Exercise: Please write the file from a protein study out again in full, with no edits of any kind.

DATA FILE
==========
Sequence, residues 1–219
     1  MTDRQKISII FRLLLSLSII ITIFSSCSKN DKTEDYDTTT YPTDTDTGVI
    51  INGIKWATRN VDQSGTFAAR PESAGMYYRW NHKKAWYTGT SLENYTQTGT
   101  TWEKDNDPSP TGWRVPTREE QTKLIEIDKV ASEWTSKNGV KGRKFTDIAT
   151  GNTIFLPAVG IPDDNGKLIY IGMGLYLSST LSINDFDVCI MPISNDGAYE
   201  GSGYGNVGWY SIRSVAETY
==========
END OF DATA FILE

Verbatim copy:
Sequence, residues 1–219
     1  MTDRQKISII FRLLLSLSII ITIFSSCSKN DKTEDYDTTT YPTDTDTGVI
    51  INGIKWATRN VDQSGTFAAR PESAGMYYRW NHKKAWYTGT SLENYTQTGT
   101  TWEKDNDPSP TGWRVPTREE QTKLIEIDKV ASEWTSKNGV KGRKFTDIAT
   151  GNTIFLPAVG IPDDNGKLIY IGMGLYLSST LSINDFDVCI MPISNDGAYE
   201  GSGYGNVGWY SIRSVAETY